While I loved Brian Cox’s take on the character in Michael Mann’s “Manhunter” (and still feel that it is the most faithful to Thomas Harris’ creation), it was Anthony Hopkins brilliant turn as the character that took what was essentially little more than a supporting character in the Harris novel, “Red Dragon”, and turned him into a sort of Freddy Krueger for the intellectual set; smart, suave, sexy – this was a serial killer you could bring home to your mother, provided you didn’t mind frying up her liver afterward. Hopkins so defines this character that one wouldn’t think it possible to make another Hannibal Lecter film without him, but “Hannibal Rising” proves that…well, you can’t. But that’s not necessarily such a bad thing.
Well, it is, but it isn’t.
Let me explain.
I’d heard so many bad things about Thomas Harris’ novelization of Hannibal Rising that I avoided the film altogether during its theatrical run (critics weren’t any kinder to the film). I’m sort of glad I didn’t see it in theaters because, back then, I’d have been bound to walk out disappointed as, like most people, I’d have been expecting a Hannibal Lecter movie and not the sort of movie Hannibal Rising turned out to be. The thing is this; Hannibal Rising is an origin story, meant to show us how Lecter became…well, Lecter – it shouldn’t feel like the sort of Hannibal movie we’re used to because, chronologically speaking, that Hannibal doesn’t even exist yet.
Hannibal Rising introduces us to Hannibal as a young boy in the final months of World War 2. After his parents are killed, Hannibal is left to care for his sister, Mischa, in a remote cabin during the harsh Romanian winter. When a group of opportunistic Nazi sympathizer stumble upon the cabin, their initial plan is to use the children as a front in case they are discovered by the Russian army, but, as supplies run out and the winter woods yields no food, they resort to cannibalism, starting with Hannibal’s baby sister. This serves as the catalyst for what is ultimately a revenge flick in which an adult Hannibal (played with dead-eyed perfection by Gaspard Ulliel) seeks out those responsible for his sister’s death, and gives them their just desserts (insert rim shot).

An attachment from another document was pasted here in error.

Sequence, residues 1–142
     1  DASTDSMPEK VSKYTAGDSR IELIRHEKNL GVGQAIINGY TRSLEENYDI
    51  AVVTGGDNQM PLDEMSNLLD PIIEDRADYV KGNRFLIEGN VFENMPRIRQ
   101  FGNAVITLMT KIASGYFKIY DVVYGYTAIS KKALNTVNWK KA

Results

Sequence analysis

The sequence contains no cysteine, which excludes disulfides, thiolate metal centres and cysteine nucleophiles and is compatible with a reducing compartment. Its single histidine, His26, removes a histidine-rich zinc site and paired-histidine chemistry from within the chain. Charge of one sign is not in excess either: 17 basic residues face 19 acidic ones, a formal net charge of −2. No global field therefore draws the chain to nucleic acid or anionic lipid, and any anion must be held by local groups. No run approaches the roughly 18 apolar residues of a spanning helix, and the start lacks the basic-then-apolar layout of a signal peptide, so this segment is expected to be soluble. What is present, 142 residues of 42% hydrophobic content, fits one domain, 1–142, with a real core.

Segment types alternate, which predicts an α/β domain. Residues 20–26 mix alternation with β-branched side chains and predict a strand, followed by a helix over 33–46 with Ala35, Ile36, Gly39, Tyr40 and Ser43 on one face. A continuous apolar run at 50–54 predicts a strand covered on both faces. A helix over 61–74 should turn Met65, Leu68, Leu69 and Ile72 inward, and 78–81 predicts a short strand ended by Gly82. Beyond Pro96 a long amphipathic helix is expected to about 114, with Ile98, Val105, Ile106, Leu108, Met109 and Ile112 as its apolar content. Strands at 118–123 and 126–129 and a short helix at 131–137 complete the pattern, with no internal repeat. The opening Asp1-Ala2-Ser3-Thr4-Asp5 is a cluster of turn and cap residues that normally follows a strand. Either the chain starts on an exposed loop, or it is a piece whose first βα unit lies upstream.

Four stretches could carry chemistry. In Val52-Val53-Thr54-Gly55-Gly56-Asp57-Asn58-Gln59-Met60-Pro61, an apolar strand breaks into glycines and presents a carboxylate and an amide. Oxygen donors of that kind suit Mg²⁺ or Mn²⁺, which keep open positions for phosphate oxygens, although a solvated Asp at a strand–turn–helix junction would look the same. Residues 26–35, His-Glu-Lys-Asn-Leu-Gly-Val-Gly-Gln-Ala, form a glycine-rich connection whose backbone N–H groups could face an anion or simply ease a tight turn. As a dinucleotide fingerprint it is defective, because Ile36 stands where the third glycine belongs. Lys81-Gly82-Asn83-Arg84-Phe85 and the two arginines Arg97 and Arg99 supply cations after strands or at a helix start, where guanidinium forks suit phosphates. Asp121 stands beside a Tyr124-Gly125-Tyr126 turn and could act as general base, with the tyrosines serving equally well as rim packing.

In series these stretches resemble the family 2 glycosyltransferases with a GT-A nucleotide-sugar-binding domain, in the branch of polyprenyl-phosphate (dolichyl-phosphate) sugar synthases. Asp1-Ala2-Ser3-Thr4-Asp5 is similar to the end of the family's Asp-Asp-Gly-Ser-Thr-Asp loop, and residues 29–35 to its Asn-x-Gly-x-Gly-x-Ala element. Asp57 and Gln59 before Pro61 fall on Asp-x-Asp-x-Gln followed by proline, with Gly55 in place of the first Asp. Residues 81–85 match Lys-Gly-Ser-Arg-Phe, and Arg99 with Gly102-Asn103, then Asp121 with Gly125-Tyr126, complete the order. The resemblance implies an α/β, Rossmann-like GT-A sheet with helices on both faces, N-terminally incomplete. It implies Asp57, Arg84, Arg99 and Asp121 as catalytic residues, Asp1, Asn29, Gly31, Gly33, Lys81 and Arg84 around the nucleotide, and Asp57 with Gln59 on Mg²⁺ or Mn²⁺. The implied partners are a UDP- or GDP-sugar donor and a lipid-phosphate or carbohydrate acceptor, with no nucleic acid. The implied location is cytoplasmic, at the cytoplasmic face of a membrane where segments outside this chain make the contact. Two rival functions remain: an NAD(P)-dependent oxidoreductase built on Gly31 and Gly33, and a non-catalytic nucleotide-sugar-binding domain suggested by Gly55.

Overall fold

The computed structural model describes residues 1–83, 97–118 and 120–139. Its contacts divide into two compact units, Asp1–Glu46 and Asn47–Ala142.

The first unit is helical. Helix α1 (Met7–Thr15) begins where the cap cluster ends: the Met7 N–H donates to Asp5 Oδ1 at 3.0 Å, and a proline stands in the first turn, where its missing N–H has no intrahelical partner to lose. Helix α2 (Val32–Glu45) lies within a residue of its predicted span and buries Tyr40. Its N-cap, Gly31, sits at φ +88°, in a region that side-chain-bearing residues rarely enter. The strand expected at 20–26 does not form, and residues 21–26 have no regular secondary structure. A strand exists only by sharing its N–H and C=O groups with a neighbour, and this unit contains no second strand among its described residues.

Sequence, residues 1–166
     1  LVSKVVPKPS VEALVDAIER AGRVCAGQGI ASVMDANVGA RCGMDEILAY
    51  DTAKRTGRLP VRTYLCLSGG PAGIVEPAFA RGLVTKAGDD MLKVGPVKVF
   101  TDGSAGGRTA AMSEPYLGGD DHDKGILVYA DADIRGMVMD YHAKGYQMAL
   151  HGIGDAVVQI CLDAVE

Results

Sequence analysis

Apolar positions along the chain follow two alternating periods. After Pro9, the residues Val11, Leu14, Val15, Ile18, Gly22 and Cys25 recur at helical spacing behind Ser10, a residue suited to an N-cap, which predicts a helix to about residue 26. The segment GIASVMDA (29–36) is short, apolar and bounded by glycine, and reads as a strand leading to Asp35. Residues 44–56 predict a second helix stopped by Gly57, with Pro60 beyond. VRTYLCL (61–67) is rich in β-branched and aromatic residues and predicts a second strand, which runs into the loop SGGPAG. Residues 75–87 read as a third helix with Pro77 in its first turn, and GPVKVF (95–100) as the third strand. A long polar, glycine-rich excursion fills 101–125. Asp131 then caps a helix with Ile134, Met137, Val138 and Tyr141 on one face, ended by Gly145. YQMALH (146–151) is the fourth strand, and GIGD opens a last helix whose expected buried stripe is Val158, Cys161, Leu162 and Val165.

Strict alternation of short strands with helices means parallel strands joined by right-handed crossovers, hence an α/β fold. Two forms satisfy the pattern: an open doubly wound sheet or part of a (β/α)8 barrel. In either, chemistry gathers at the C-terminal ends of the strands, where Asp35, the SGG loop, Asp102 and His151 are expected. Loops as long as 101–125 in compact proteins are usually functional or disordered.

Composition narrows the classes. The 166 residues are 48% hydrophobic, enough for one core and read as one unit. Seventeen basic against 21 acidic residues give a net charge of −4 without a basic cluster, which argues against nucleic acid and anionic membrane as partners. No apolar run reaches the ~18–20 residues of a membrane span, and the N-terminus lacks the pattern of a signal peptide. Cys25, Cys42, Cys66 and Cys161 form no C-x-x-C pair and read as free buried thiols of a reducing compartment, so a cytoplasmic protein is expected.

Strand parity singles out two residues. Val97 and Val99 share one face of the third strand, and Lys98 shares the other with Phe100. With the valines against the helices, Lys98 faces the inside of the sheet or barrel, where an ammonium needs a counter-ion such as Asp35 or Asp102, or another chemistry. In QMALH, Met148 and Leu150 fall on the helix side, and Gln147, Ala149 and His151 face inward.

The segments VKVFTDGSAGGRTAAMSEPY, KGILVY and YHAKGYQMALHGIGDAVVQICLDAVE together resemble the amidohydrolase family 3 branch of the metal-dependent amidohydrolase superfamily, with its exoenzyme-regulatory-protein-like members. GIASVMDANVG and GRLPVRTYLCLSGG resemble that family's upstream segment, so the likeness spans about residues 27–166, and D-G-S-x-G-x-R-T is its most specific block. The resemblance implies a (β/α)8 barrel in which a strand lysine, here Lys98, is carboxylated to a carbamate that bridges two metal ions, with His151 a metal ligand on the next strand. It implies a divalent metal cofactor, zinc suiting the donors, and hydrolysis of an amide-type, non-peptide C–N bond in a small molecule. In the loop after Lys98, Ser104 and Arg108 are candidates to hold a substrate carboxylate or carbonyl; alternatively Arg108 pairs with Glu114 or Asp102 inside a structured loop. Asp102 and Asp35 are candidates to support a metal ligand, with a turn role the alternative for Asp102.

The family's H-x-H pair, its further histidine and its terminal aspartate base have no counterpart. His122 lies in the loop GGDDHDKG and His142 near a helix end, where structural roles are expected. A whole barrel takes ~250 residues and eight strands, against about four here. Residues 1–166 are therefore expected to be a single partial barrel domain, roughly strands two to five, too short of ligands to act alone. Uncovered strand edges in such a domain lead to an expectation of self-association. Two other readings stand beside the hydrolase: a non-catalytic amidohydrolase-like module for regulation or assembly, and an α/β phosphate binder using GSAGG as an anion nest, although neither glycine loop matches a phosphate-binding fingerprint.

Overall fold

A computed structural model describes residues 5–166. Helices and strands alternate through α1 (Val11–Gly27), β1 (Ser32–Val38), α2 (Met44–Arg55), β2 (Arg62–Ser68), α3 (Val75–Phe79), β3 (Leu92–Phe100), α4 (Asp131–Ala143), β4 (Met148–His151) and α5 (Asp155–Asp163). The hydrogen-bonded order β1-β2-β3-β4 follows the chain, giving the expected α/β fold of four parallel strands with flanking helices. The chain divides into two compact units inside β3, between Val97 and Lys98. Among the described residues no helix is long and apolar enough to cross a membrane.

I can see how fans weaned on the grisly adventures of Anthony Hopkins’ Lecter would be disappointed by Hannibal Rising. The character presented here is essentially Hannibal on training wheels; he’s not nearly as worldly, suave, or intimidating as the character we’ve come to know and love, but, then again, he shouldn’t be. Lecter’s a neophyte, here, new to the killing, new to the deception. The skills he used to charm Clarice Starling were years in the making, and decades ahead of this younger, sloppier Hannibal. I can also see how fans of the series would be thrown off by the fact that this film has more in common with an espionage thriller than a serial killer flick, but I appreciated the departure from the norm, here, as that was what won me over in the end.
While this is by no means a classic on par with “The Silence of the Lambs” or, what is in my opinion the best film of the series, Ridley Scott’s underrated “Hannibal”, Hannibal Rising is not nearly as bad as I was led to believe. The film looks fantastic, with its moody period locales, stylized visuals, and noir vibe. This film has the look and feel of a classic 40’s B-flick, albeit with a decidedly bigger budget (as well as a fair amount of gore and profanity). If the script and supporting performances were nearly as polished then this could have been one hell of a film. Instead, though, we are given a few cigar store Indian caliber performances from Dominic West and Gong Li, neither of which’s cause is helped by some of the groan-inducing dialogue they’re forced to spew. Still, though, even the bad dialogue seems to fit, here, as it all feels so gloriously retro.
My only other major gripe with the film is the fact that all of Lecter’s victims here deserved their fate, and the notorious serial killer (who we all know would later go on to kill and devour countless innocents) is given a nobility makeover here that should have been offset with some semblance of sadism.
I won't say Hannibal Rising was unfairly maligned, because it deserved at least a little of the criticism it's had lobbed its way, but, while the writing is subpar and some of the performances are cringe worthy, I still had a great time with this film, and I think that folks like me - those who have heard all of the negative buzz but haven't yet seen the film themselves - will probably be just as puzzled as to why this film got so heavily bashed as I was.